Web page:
This is a novel that was and will be futuristic until it’s written, just as its author is, until today he had yet to write a single future page, although he has left futurism until the future, as a proof of his enthusiasm, and doing so brilliantly from there on—without falling into the trap of being a consecutive futurist, like those who have adopted futurism, without understanding it, in the present. And, for that reason, they have declared much to come for the novelist, who has everything in front of him, including his own genial sense of haste, which arises from having thought that with the speed of progress, posterity has been left behind; each day comes quicker, almost completely forgotten, a series of contemporaneous events that exist in the last journalistic edition of the day it appears, and that’s it. We all die already judged immediately, book and author, made classics or corpses in a day, and meanwhile they recommend us to posterity and complain about the present. And today, all of this is done with sufficient justice in 24 hours. The old posterity, with all the time it took to think about it, consecrated a multitude of nonentities as glorious artists; there’s more equity and common sense in today’s reporter: vacuous solemnity and moralisms were posterity’s cheap and effective bribe, born until yesterday. I will look, trusting, for posterity’s universal judgment of my novel in the 30th of September 1929 edition of Critique and Reason, the day the novel will appear, a date which could not have been postponed, since all the postponements had already been used up in promises, with the most literary postponements having been used for prologues.
For the consecrated future literati that does not believe in, nor is able to estimate, posterity beyond each day’s night; it won’t make sense for authors to feel a sense of urgency to write promptly for a prompt posterior judgment: with the speeds that posterity can reach today, the artist will outlive his posterity and will know the next day whether he should or should not write better, or if he has already written so well that he should content himself by contemplating the perfection of his writing. Or if he has no literary accolades left to seek, other than the one that’s most difficult to find—the reader’s. The actual ease of writing makes the legible scarce, and it has reached the point of superseding the injurious necessity of having readers in the first place: writing is for the fruition of art and at best is for knowing the critic’s opinion. In all sincerity, this change is lovely; it’s art for art's sake and art for the critics’ sake, which is art for art’s sake all over again.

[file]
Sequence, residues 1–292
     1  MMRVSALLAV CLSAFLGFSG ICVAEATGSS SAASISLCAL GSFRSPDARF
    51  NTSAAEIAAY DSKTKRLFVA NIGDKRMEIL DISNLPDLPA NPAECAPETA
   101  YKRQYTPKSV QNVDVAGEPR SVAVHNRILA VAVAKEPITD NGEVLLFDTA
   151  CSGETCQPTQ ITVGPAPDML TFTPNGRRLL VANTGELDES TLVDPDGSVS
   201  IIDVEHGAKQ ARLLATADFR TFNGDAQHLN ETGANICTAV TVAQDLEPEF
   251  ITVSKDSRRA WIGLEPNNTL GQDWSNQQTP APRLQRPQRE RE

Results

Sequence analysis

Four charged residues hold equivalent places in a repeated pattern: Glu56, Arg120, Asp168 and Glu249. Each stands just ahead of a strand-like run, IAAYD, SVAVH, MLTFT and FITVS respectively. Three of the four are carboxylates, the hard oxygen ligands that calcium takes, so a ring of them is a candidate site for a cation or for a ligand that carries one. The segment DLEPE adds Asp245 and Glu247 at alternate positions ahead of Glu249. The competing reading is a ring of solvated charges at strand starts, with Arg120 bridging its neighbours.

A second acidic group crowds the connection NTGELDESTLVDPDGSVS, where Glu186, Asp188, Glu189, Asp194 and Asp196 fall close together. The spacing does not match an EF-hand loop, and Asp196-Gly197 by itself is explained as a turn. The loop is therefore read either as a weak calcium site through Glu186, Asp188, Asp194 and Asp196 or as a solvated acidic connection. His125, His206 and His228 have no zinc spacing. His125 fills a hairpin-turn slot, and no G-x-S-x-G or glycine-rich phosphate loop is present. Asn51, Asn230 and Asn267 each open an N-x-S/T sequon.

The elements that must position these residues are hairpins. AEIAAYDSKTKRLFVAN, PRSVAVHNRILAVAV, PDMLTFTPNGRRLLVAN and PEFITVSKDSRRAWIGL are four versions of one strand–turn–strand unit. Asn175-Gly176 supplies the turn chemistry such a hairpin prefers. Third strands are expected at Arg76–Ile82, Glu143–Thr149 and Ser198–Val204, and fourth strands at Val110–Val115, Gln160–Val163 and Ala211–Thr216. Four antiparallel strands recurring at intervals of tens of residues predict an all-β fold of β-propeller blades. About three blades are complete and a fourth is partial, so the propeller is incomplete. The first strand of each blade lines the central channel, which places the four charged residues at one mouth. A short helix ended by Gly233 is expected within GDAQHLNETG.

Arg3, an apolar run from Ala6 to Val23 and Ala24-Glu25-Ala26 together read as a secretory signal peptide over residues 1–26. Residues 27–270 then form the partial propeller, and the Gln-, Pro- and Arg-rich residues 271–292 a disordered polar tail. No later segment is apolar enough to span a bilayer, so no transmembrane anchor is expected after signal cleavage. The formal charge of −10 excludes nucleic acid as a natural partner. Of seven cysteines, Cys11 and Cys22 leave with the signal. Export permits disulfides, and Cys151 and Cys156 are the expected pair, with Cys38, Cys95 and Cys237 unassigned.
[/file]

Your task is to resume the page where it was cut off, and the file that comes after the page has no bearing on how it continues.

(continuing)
Horrible art and the accumulated glories of the past, which have always existed, are a result of the following: the sonorousness of language and the existence of an audience; without this sonorousness, only thinking and creating would remain; without a clamoring public, art would not be drowned. Under these conditions, Literature would be pure art, and there would be many more beautiful works than there are at present: there would be three or four Cervantes, the Cervantes of the Quixote, without the stories, Quevedo the humorist and poet of passion, without the moralizing orator, various Gómez de la Sernas. We’ll be liberated from the likes of Calderón, the Prince of falsetto, from lack of feeling, which is poor taste itself; from the likes of Góngora, at least from time to time, with his exclamations of “Ay Fabio, o sorrow!” We'd have three Heines, each of sarcasm and sadness, or D’Annunzios to limitlessly versify passion. Happily, we would have only the first act of Faust, and in compensation various Poes, and various Bovaries—with their sad affliction of loveless appetite, despicable and bloody—and this other, lacerating absurdity: Hamlet’s lyric of sorrow, which convinces and breeds sympathy, despite the false psychologism of its source. We’ll be free of the scientific realism of Ibsen, one of Zola’s victims, and this magnificent artist for his part will be dismantled by sociology and theory of heresy and pathology, and instead of a dozen master works we’ll possess a hundred, of true, intrinsic artistic worth, not mere copies of reality. These works will be typically literary, works of Prose, not of didactics, without any musical language (meter, rhyme, sonorousness) or paintings with words, that is, descriptions.